The bailiff should have declined to answer the foreman's question and should have taken the jury to the courtroom where the presiding judge, if he deemed proper, could further instruct it. "Contacts between court officers and jurors, except as authorized by the court in appropriate circumstances, are not to be countenanced since no justification should be given for arousing suspicions as to the sanctity of jury verdicts." 89 C.J.S. Trial § 457(f). While it is not improper for the jury foreman to indicate to the bailiff that the jury desires further information from the court, it is improper for the bailiff to assume the role of judge and attempt to furnish the information. The legal significance of such improper conduct and the question of prejudicial effect largely depends upon the nature of the communication. See Annot., Communication with JurorsPrejudice, 41 A.L.R.2d 288.

In Gaither v. Hascall-Richards Steam Generator Co., 121 N.C. 384, 28 S.E. 546, the sheriff declined to provide the jury with refreshments except water and told the jurors they must wait until they agreed on a verdict or until the judge told him to take them to dinner. Such conduct was held not prejudicial.

In State v. Burton, 172 N.C. 939, 90 S.E. 561, the officer having the jurors in charge told them on Friday that the judge would keep them together until Sunday if they did not agree earlier. Such conduct was held insufficient for a new trial, even if the judge had authorized the officer to so inform the jury.

In State v. Adkins, 194 N.C. 749, 140 S.E. 806, the officer in charge of the jury during its deliberations informed the jurors that defendant with his wife and daughter had endeavored to obtain lodging in the same boardinghouse with them. The finding of the trial judge that the verdict had not been influenced or tainted by the misconduct of the officer was upheld.

Motions for a mistrial or a new trial based on misconduct affecting the jury are addressed to the discretion of the trial court. In Re Will of Hall, 252 N.C. *195 70, 113 S.E.2d 1. Unless its rulings thereon are clearly erroneous or amount to a manifest abuse of discretion, they will not be disturbed. Stone v. Griffin Baking Co., 257 N.C. 103, 125 S.E.2d 363; O'Berry v. Perry, 266 N.C. 77, 145 S.E.2d 321; Keener v. Beal, 246 N.C. 247, 98 S.E.2d 19. "The circumstances must be such as not merely to put suspicion on the verdict because there was opportunity and a chance for misconduct, but that there was in fact misconduct. When there is merely matter of suspicion, it is purely a matter in the discretion of the presiding judge." Lewis v. Fountain, 168 N.C. 277, 279, 84 S.E. 278, 279.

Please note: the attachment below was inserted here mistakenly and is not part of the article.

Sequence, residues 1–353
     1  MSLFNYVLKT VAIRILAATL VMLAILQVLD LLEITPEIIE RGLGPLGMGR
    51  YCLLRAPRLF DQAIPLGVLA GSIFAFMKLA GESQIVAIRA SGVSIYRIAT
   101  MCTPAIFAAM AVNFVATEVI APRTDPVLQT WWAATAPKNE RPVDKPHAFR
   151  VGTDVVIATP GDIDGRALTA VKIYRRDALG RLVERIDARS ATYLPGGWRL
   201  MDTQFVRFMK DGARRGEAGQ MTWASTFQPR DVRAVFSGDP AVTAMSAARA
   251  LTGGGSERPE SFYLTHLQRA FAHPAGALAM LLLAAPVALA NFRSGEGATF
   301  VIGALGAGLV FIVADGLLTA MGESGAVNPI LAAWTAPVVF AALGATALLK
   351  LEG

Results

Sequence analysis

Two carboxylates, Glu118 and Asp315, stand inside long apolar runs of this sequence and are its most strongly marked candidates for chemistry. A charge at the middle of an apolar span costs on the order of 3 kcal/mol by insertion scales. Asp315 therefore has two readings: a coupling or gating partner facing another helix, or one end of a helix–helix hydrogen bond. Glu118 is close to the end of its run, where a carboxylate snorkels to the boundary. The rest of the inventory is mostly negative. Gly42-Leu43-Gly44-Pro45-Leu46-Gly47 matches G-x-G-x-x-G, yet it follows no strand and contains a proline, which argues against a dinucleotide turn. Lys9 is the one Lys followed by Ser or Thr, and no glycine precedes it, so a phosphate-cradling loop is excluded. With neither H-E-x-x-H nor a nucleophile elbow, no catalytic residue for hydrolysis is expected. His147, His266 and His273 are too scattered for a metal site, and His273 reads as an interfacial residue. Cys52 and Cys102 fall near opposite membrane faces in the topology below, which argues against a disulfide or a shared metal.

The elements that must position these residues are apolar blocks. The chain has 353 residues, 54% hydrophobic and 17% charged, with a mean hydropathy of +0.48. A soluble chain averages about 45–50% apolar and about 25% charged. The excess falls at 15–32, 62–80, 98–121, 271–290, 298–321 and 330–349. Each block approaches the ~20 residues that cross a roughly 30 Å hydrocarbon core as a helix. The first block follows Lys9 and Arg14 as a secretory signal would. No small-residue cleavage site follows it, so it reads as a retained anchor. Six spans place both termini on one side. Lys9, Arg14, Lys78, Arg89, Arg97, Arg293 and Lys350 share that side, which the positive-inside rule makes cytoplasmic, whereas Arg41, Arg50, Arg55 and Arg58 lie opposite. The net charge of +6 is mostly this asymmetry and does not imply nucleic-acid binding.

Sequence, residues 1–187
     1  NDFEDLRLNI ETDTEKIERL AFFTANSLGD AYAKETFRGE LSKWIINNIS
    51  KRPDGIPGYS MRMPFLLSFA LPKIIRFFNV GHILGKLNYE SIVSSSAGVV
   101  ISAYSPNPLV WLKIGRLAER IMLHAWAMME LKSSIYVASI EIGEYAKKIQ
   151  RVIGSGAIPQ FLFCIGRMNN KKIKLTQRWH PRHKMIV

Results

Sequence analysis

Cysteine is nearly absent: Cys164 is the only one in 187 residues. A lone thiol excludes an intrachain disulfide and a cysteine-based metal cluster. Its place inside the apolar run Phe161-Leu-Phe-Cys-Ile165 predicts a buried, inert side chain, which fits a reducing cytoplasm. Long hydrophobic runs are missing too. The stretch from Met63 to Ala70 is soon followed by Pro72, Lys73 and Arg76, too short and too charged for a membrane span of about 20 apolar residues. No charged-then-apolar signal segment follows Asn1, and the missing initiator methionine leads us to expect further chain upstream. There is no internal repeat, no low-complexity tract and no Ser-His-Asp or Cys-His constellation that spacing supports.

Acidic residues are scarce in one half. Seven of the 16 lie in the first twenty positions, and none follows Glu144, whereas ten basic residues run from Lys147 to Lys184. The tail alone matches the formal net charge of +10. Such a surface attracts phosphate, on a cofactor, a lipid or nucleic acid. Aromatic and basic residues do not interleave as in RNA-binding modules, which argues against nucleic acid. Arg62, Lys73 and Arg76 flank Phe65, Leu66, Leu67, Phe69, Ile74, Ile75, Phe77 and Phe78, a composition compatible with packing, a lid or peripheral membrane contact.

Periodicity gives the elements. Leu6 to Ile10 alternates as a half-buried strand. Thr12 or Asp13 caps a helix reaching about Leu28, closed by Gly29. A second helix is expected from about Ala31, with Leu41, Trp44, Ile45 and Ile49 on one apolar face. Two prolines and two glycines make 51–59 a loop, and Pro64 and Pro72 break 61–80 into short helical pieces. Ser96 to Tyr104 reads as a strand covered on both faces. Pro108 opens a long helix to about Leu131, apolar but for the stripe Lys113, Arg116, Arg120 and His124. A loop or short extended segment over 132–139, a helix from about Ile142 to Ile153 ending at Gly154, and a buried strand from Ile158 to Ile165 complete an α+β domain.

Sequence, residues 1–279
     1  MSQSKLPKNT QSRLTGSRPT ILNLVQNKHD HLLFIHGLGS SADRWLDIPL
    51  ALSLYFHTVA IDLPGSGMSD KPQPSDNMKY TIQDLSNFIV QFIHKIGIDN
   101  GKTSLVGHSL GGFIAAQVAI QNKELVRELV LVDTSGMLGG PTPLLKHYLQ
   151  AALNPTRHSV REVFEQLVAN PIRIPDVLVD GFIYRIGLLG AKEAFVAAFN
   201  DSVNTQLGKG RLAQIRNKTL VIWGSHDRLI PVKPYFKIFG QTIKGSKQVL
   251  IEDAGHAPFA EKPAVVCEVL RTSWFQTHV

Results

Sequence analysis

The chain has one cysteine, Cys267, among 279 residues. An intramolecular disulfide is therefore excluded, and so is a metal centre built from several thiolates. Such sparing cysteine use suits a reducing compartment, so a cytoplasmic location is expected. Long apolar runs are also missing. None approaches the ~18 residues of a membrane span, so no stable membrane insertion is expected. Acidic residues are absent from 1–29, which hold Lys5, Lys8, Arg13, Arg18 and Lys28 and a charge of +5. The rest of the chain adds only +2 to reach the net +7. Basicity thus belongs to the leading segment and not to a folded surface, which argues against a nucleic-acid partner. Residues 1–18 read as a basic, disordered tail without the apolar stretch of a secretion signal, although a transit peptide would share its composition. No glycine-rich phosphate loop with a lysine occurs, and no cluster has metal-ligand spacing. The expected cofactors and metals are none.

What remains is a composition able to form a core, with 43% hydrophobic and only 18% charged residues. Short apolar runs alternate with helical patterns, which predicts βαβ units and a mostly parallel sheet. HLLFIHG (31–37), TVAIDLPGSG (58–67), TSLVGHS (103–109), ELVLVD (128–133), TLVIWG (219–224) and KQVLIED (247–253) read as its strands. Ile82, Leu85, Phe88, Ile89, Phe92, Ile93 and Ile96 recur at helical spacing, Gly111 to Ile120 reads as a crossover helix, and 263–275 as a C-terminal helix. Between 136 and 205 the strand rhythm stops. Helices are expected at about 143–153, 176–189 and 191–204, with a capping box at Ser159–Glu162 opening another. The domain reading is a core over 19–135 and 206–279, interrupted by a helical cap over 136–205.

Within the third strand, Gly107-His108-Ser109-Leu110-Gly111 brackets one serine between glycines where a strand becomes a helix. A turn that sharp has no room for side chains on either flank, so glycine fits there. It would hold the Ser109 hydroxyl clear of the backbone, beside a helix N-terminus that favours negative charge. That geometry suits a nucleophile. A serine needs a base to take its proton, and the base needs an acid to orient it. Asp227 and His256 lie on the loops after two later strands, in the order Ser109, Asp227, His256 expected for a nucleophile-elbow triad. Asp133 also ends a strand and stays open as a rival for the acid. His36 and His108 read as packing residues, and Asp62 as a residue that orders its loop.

The great weight of authority sustains the rule that "* * * a verdict will not be disturbed because of a conversation between a juror and a stranger when it does not appear that such conversation was prompted by a party, or that any injustice was done to the person complaining, and he is not shown to have been prejudiced thereby, and this is true of applications for new trial by the accused in a criminal case as well as of applications made in civil actions. * * * [A]nd if a trial is really fair and proper, it should not be set aside because of mere suspicion or appearance of irregularity which is shown to have done no actual injury. Generally speaking, neither the common law nor statutes contemplate as ground for a new trial a conversation between a juror and a third person unless it is of such a character as is calculated to impress the case upon the mind of the juror in a different aspect than was presented by the evidence in the courtroom, or is of such a nature as is calculated to result in harm to a party on trial. The matter is one resting largely within the discretion of the trial judge." 39 Am.Jur., New Trial, § 101. This statement of the rule is quoted with approval by Parker, J., now C.J., in Stone v. Griffin Baking Co., supra (257 N.C. 103, 107, 125 S.E.2d 363, 366). See Annot., Juror-Communication with Outsider, 64 A.L.R.2d 158.

Denial of such motions is equivalent to a finding by the trial judge that prejudicial misconduct has not been shown. Farmer v. Lands, 257 N.C. 768, 127 S.E.2d 553; Stone v. Griffin Baking Co., supra.

The burden is on the appellant to show prejudicial error amounting to a denial of some substantial right. 1 Strong's N.C. Index 2d, Appeal and Error, § 46; State v. Shedd, 274 N.C. 95, 161 S.E.2d 477. Here, there is nothing in the conversation between the bailiff and the jury foreman to show injury to the defendant or to afford any reasonable ground upon which to attack the fairness of the trial or the integrity of the verdict. Upon the facts shown, the trial judge was not required as a matter of law to order a mistrial. Furthermore, no abuse of discretion has been made to appear.

The verdict and judgment will be upheld.

No error.